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Valle d'Aosta - The Natural Environment

Entirely mountainous, Valle d'Aosta extends across the mountains and crests of the Graian and Pennine Alps. The head of the valley is closed to the west by the great Mont Blanc massif, with the highest peak (4,810 m.) in Europe and glaciers feeding the Dora di Veny and the Dora di Ferret, two sources of the DoraBaltea. To the south soars the Gran Paradiso massif (4,061 m.) while to the north, the Mount Rosa group (4,633 m. at the Dufourspitze) is the north-east boundary of Valle d'Aosta territory.

The Dora Baltea runs along the main valley which has many smaller side valleys, such as: to the left, Valpelline, Valtournenche, Val d'Ayas, Valle del Lys; to the right, Valgrisenche, Val di Rhmes, Valsavarenche and Valle di Cogne. Glaciers (220 in all) cover approximately 20,000 hectares of surface, due to the great height of the largest mountains and the wet Atlantic winds that bring snow. Only Mount Rosa, on the south Italian side, is less prone to glaciation, due to strong irradiation. The principal glaciers include Miage (1,100 hectares), Lys (1,070 hectares) and Brenva (750 hectares).

There are many small alpine lakes. The climate of this region is affected by the high average altitude; only the most southern part of the Dora valley floor has the temperatures of the adjacent Canavese (Piedmont). On the whole, the climate is temperate-cold with annual mean temperatures of 12 C at Saint-Vincent (mid-low valley), 10 C at Aosta (mid-valley), 8 C at Courmayeur (below Mont Blanc). Precipitations are abundant in autumn and winter, providing good snow for the ski resorts.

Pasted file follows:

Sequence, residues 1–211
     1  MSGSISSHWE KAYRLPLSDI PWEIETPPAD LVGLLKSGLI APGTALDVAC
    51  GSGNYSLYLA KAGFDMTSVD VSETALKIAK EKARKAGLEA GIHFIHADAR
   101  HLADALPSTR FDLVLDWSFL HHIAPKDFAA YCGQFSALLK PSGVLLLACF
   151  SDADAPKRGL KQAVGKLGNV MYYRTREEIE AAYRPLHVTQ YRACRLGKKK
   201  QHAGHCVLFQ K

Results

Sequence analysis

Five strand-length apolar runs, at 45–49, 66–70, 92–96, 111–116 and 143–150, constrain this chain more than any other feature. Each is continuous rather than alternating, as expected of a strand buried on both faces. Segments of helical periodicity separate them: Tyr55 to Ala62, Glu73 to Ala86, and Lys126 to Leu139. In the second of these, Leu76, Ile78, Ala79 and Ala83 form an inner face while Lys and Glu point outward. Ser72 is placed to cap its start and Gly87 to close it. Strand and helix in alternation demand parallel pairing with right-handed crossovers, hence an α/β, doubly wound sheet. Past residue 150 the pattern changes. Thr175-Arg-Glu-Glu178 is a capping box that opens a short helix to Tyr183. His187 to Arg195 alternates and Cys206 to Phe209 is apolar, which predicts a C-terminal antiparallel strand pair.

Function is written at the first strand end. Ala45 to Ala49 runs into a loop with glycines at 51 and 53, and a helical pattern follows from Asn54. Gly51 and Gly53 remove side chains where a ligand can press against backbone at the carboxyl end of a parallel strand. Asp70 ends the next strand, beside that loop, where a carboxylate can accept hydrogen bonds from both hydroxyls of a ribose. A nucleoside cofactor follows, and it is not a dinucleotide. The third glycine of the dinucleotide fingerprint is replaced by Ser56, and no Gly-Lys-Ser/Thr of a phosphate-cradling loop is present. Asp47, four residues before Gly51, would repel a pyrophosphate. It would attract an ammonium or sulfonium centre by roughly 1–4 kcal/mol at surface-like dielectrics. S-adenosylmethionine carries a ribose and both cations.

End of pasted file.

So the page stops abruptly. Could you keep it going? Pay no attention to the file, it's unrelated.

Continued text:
The vegetation is typical of mountainous areas. The lower ground (up to c. 1,100 m.) has crops, vines, fruit trees mixed broadleaf woodland (sycamore, birch, hazel, elm and alder), the low mountain level (up to c. 2,200 m.) beechwoods, which give way to conifer woods (larch, fir, stone pine) towards the end of the tree line. Towards the summit, there is sparse growth of hardier trees (larch) and shrubs such as rhododendron, juniper and alpine alder. The alpine flora consists of gentians, buttercups, alpine bellflower, mountain vanilla, anemones and edelweiss.

The fauna is also typical of mountain areas. At high altitudes it is not unusual to see marmot, chamois, squirrel, ibex, fox and rock partridge; rarer are the ermine, ptarmigan, golden eagle and raven. Approximately one sixth of the regional territory is the Parco Nazionale del Gran Paradiso, the first Italian national park, established in 1922 with a personal donation by king Vittorio Emanuele III, who gave his own hunting reserve to the State. There are numerous protected species of wildlife (ibex, chamois and marmot) and of plants (c. 1,000 alone in the Giardino Botanico Paradisia - the Paradisia Botanical Garden - at Cogne).

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